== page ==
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Date du début: 7 nov. 2011, Date de fin: 6 nov. 2013 PROJET  TERMINÉ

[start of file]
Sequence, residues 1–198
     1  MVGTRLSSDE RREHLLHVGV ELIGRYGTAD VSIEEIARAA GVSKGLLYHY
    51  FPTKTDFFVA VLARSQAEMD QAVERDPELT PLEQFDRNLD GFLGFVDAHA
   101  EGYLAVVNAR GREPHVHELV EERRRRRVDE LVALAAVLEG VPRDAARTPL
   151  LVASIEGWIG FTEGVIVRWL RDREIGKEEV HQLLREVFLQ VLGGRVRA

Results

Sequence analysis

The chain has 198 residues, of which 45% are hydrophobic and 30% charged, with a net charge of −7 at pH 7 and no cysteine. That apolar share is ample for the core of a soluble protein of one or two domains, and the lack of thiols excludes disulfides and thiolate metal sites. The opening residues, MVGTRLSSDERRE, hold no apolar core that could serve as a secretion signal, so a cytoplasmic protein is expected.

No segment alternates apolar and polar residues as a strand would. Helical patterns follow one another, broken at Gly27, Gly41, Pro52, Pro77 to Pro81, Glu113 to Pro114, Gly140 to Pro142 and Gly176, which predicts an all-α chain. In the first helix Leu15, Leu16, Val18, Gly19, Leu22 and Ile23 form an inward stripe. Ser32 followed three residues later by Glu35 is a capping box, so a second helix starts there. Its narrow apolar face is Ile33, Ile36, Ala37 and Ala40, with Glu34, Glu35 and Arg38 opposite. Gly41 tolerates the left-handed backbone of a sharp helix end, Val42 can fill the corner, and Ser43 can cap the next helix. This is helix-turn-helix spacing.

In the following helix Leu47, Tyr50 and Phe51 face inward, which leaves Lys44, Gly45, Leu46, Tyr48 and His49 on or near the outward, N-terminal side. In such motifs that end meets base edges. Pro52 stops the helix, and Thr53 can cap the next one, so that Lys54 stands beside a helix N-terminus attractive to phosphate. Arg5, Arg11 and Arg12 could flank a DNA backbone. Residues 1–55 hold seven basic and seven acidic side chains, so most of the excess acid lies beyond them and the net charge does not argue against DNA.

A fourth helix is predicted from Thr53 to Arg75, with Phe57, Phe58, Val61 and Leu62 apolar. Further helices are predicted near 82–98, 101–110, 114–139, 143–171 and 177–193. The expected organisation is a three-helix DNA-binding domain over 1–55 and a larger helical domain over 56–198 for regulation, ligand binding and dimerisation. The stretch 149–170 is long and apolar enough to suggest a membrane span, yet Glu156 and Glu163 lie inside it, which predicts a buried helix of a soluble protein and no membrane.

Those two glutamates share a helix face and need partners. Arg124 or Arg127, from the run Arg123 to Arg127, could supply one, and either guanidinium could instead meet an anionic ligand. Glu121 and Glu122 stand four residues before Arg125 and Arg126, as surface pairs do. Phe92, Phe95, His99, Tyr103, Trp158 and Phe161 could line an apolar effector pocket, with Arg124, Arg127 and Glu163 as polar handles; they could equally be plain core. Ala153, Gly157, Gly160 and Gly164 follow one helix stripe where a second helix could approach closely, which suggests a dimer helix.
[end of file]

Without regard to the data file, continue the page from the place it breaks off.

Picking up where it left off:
"The main scientific aim of the proposed research program is to study the physical properties of unconventional superconductors, in particular those with high superconducting transition temperatures (cuprates and iron-pnictides). The key issues are addressed through intensive team work and a bottom-up approach. This begins with the synthesis and careful characterization of single crystals, continues with the application of advanced experimental probes, and culminates in a rationalization of the obtained experimental results with state-of-the-art theoretical concepts.The research will be devoted to studying the relationships between Tc and different structural parameters, the role of disorder and the electronic structure of iron-pnictides. The latter will be determined by comparing optical conductivity results with the Hall Effect and ARPES data. In addition to classifying the symmetry of the superconducting order parameter, a microscopic understanding of (incommensurate) magnetism will be sought by the application of complementary probes such as Mossbauer, NMR and neutron diffraction. Other pertinent questions related to the magnetic pseudogap, charge-lattice deformation entanglement and superconducting fluctuations will also be carefully addressed. An interesting prospect to investigate for both classes of materials is that the superconductivity develops from a Fermi liquid, which, if proven correct, would be unconventional for strongly correlated electron systems.The originality of the project lies in its multidisciplinary nature. It has been designed to establish an active synergy between material syntheses and advanced experimental techniques in the investigation of a cutting edge physical problem. Similarly, it succeeds in matching a well-qualified applicant with a top-class European institution. As such it delivers important new skills and experience to the candidate and primes him for a successful independent career within the European Research Area."